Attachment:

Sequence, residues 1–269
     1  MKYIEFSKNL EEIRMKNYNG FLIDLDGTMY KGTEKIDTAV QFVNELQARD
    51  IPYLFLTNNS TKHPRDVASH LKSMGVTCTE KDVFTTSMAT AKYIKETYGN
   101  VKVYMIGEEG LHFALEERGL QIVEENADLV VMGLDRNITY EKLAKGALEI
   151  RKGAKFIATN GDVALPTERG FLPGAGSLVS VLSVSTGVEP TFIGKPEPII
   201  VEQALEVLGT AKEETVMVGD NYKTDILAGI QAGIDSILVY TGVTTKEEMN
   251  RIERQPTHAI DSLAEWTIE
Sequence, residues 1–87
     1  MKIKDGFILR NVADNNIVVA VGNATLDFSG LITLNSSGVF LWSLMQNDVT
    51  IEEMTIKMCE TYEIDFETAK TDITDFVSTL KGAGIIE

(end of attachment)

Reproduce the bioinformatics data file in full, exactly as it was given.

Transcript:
Sequence, residues 1–269
     1  MKYIEFSKNL EEIRMKNYNG FLIDLDGTMY KGTEKIDTAV QFVNELQARD
    51  IPYLFLTNNS TKHPRDVASH LKSMGVTCTE KDVFTTSMAT AKYIKETYGN
   101  VKVYMIGEEG LHFALEERGL QIVEENADLV VMGLDRNITY EKLAKGALEI
   151  RKGAKFIATN GDVALPTERG FLPGAGSLVS VLSVSTGVEP TFIGKPEPII
   201  VEQALEVLGT AKEETVMVGD NYKTDILAGI QAGIDSILVY TGVTTKEEMN
   251  RIERQPTHAI DSLAEWTIE
Sequence, residues 1–87
     1  MKIKDGFILR NVADNNIVVA VGNATLDFSG LITLNSSGVF LWSLMQNDVT
    51  IEEMTIKMCE TYEIDFETAK TDITDFVSTL KGAGIIE